- Button

ThRiNiDiR said...

great post and even better entreaty, but you are preaching to the already convinced; I'm absolutely sure, that anybody who takes time and reads blogs about their class or wow in general tends to be considerate and nice :)...

btw...i'm coming back to wow after two years of "vacation" time (dropped the game just some while after I ticked the lvl60 cap; I guess the guild I was in just didn't work for me and the game lost some sense of fun for me); this time i've changed server (to the one that my good friend is one), rolled another druid (the first one was full resto all the time, I'll try tanking with this one :)) and hope to have a great time.

cheerz.

Stupid Mage said...

So what do you do when they don't want to learn?

Fenlar said...

Yeah its good to take the time and help less experienced people learn how to play their character, especially in harder heroics, assuming they are open to the help, and if they need it I guess they usually are. If the people are in your guild it is totally worth the time to help them learn because chances are you'll be playing with them quite a bit and your patience and training will pay off down the road. I learned a lot just leveling my characters, and leveling with other people. Also there's a lot to be said for a bit of healthy competition with friends who play the same class/spec as you. Great post Bell

Wolfblitzer said...

One thing I'm confused about from your post. As an experienced feral tank, I do the vast majority of my pulls with FFF. It saves me rage from chain pulls and goes very smoothly. I can't fathom why you'd need to have a lifebloom on the tank early enough for you to pull aggro. Also, you mention that the tank was trying to tank multiple mobs. Between the Mage's polymorph and the Rogue's saps, there's only a few pulls in SV that should require more than 2 mobs being tanked by the druid. Plus, since you had 2 ferals, split tanking was also an option. Another point is that you should be using Omen so you can monitor your threat and see the tank's threat per second. In my mixed Badge/T4/T5 gear, I regularly do 12-1500 TPS depending on damage in. There's no way a healer could take aggro from me after my initial mangle, Feral Faerie Fire pull or not.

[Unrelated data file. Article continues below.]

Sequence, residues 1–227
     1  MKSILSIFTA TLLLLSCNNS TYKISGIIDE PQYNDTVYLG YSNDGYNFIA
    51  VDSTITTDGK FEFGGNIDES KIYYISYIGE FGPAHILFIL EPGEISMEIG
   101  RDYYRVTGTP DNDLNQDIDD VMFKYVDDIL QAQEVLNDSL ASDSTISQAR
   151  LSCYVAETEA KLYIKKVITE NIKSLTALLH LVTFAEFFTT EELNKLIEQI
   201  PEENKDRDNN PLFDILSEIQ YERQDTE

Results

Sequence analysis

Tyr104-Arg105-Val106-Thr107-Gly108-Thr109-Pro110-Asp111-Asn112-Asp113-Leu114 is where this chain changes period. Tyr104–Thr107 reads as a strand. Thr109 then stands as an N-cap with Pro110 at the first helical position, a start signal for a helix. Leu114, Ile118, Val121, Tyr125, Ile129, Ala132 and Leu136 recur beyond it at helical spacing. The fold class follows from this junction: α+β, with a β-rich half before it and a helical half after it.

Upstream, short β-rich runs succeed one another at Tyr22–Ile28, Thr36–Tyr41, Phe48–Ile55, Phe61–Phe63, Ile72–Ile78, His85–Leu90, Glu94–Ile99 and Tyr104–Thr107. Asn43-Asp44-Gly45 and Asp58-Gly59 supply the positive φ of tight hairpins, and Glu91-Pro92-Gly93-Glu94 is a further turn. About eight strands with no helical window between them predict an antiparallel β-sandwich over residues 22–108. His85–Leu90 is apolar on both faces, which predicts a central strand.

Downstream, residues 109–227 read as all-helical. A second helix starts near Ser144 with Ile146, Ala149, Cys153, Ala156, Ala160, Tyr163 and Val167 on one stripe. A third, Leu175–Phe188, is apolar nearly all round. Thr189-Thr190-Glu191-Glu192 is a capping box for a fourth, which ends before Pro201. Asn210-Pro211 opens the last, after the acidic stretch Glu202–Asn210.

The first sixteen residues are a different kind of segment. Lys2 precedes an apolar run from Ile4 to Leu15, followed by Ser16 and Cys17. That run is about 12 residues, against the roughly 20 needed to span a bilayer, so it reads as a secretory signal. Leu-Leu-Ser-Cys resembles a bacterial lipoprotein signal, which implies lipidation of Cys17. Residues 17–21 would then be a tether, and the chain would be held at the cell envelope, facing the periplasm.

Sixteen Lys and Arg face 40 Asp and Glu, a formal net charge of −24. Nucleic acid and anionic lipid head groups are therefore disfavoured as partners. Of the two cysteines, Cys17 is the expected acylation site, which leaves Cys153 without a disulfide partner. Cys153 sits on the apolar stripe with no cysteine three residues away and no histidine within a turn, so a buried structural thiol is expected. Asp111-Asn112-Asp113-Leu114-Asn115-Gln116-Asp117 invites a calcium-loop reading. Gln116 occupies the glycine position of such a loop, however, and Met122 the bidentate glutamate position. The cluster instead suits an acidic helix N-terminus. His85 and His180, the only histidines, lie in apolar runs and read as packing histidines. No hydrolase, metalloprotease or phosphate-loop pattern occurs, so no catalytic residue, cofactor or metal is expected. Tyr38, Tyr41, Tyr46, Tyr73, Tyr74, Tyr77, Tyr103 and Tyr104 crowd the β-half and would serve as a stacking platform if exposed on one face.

Anonymous said...

Hi All, I dunno if this blog is still carryon since it stop last year. I'm a Taiwan server player of resto TOL.

My initial stage of playing this druid is really tough as i have never been a resto before.

After playing much and had my experience in naxx, then i realise all the while i'm playing before starting naxx has been heal wrongly.

So was self refresh and learn again and find out more under this blog and yeah.. i am not pro but won't let a person die off so easily now.

Teaching? i can't teach or help anyone which is newer than me.. but i'm also learning from everyone including noob..why ? even they are new, this give me more pratically healing power to learn. Its a challenge~

Perhap, i may talking nonsense but it is all my opinion.

Bell said...

@anonymous - don't worry, the blog's still going! You're in the archives, you can read from the beginning at http://www.4haelz.blogspot.com

All healing in the beginning is tough. Even after healing on my druid for a long time, healing on my paladin took a lot of work to do it right. If you ever need any specific help, feel free to e-mail me at 4haelz AT gmail DOT com or to talk to me on AIM with my screenname JuiceboxDani

I'll be happy to help however I can.